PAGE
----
Face of Flanders – Hilde Crevits
Whenever you see the phrase “Questions were asked in parliament”, it’s a sign of a serious, weighty matter being taken to the highest levels of the land.
Last week, when the Flemish parliament resumed, it had two pressing concerns. The first was Kris Peeters’ presentation of his government’s policy plans in a time of budgetary crisis. The second was a magazine photo shoot in which a minister was seen wearing some very posh frocks.
The minister is Hilde Crevits, public works and mobility, who had accepted an invitation from Nina, the glossy weekend supplement in Het Laatste Nieuws, to be photographed in a variety of outfits, including a ball gown by Dolce & Gabbana. Nina belongs at the more brassy end of the spectrum of fashion photography, and Crevits, whose everyday look is extremely tempered, was overly-made up and clearly ill at ease.
Her evident lack of conviction, however, wasn’t about to save her from the wrath of her peers. Not since Susannah was spotted bathing by the elders has so much energy been spent on ostentatious denunciation.
The charge was led, to no-one's great surprise, by Filip Dewinter of Vlaams Belang, who considered the participation of a minister in such a shoot to be inappropriate. Dewinter, like others, thought it was too much for Crevits to be modelling expensive dresses at a time when Flanders was in sackcloth (evidently mistaking the shopping habits of Laatste Nieuws readers, who are rarely to be seen frequenting the upmarket boutiques of the Waterloolaan or the Nationalestraat).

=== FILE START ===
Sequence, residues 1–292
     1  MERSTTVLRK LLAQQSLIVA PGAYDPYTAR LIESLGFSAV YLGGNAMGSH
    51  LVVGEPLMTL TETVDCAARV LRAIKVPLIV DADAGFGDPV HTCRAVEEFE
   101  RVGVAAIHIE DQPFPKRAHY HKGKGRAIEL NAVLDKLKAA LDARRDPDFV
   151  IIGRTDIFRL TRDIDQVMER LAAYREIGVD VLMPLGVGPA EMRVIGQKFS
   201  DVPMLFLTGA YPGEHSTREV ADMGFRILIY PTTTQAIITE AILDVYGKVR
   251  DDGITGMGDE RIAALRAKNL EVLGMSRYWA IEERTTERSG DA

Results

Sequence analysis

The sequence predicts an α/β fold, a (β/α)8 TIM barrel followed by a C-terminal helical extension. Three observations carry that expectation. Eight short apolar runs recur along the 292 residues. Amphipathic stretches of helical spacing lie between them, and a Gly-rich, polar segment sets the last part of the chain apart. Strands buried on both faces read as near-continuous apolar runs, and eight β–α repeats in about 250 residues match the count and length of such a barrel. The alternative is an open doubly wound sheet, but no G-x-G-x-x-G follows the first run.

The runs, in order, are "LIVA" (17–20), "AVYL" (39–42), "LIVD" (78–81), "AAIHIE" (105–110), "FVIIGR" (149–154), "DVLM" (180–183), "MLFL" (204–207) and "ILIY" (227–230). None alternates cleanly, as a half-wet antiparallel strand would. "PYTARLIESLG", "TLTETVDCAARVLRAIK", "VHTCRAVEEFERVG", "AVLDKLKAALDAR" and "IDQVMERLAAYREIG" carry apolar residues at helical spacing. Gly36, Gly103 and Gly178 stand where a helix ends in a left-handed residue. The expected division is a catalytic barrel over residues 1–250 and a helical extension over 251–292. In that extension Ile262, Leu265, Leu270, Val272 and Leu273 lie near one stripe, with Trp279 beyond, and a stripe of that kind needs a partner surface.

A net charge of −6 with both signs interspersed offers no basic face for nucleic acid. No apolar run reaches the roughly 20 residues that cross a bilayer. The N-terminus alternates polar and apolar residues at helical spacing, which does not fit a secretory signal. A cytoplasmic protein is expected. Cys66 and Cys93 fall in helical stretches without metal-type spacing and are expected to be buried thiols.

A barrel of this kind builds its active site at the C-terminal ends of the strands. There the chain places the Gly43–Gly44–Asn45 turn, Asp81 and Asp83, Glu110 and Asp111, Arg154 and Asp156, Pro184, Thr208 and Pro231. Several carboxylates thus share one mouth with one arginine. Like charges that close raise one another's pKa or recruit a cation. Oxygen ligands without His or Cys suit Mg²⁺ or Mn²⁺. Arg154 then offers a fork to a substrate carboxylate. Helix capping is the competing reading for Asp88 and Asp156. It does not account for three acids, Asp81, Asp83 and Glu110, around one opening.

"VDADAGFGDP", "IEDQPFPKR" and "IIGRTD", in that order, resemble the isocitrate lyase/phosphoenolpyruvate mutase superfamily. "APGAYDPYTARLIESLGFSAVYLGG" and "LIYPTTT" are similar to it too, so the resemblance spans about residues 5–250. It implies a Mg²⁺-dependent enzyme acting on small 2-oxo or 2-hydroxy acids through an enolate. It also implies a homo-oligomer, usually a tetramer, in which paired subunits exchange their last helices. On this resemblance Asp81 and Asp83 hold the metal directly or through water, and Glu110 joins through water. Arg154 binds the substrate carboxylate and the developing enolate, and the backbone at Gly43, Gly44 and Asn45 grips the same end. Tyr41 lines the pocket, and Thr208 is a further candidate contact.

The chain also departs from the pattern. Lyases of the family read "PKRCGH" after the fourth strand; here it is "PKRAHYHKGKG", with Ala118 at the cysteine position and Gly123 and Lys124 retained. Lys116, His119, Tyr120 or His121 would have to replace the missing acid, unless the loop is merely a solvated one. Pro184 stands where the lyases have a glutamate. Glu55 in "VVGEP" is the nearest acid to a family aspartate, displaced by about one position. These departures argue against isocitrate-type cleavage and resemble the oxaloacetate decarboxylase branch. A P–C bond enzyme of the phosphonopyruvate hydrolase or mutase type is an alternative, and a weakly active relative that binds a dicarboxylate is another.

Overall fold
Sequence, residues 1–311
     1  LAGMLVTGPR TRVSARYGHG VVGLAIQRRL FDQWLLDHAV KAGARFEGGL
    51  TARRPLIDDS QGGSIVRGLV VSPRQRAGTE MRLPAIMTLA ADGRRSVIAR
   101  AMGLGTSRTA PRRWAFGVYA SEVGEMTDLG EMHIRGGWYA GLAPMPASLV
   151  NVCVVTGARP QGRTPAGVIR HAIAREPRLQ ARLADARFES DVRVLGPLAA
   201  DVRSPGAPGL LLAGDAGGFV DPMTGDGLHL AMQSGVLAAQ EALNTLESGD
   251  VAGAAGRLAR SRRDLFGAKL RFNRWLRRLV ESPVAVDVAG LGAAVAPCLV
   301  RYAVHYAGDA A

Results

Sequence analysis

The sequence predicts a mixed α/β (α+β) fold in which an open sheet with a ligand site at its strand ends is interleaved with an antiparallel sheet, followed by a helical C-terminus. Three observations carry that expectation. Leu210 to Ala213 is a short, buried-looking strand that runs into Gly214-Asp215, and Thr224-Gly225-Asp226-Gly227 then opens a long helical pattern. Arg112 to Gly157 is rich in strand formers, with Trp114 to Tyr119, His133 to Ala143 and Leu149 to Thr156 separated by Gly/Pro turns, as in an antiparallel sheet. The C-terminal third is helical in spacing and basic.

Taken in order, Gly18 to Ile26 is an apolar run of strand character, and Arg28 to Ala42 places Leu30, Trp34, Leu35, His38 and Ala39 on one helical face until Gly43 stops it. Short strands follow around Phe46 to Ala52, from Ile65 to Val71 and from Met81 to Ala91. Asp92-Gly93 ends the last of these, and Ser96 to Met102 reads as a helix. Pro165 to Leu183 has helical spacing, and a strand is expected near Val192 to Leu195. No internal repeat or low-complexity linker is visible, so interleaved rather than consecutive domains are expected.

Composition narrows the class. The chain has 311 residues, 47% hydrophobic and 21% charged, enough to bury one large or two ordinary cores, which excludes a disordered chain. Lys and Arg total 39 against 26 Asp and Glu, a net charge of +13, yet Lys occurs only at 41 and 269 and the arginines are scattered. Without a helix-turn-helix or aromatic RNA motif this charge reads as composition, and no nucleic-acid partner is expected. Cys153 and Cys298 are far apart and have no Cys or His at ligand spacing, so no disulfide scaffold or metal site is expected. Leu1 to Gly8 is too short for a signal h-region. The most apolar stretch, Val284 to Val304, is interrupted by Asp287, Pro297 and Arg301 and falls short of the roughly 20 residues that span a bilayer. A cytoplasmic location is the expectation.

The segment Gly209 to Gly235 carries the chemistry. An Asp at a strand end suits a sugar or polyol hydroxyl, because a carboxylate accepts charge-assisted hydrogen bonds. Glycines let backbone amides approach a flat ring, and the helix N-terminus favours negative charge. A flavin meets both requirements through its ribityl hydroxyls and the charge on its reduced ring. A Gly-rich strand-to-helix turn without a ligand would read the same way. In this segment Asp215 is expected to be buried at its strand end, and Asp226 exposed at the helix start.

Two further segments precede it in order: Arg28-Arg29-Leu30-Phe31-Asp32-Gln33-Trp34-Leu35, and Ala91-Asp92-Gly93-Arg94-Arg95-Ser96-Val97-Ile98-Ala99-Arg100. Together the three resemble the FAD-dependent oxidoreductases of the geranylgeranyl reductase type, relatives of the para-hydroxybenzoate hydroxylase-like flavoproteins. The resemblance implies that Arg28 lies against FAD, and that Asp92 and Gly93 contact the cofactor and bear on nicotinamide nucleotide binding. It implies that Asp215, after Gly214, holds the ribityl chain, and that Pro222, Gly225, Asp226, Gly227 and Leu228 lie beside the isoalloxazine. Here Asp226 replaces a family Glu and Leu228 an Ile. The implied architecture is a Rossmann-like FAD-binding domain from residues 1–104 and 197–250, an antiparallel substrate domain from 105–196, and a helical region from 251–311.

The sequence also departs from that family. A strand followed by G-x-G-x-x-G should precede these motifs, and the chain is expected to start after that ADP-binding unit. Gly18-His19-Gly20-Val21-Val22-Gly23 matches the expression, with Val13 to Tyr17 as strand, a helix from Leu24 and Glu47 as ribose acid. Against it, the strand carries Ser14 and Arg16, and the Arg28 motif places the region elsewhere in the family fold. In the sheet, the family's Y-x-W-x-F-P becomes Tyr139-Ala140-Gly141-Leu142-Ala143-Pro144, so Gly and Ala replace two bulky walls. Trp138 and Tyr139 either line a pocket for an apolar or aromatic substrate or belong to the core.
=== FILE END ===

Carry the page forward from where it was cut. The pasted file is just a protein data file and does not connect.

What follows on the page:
Flemish political editorialist Walter Pauli chided the parliamentarians for wasting time on such a piffling matter, before going on to declare the photo shoot “unworthy of a minister”.
Veteran commentator Hugo Camps, a man you would not easily mistake for George Clooney, thought the shoot was “a disaster”. The pairing of Hilde Crevits and Dolce & Gabbana he considered severely: “The mating of an ox and a donkey would have been less painful. The farmer’s wife in Hilde is hard to cover up. Put her in high heels and the whole world wobbles.”
On Crevits’ side, the silence was deafening. Someone pointed out that other ministers like Annemie Turtelboom and Pascal Smet had undergone makeovers for the popular prints. Nobody felt it necessary to point out that far from being a flibbertigibbet, Crevits is a dedicated minister whose intellect is only surpassed by her industry. The elders were determined to cast the first stone.
And then it was all over. As for Kris Peeters and his government’s priorities, well who knows? Was anyone paying attention?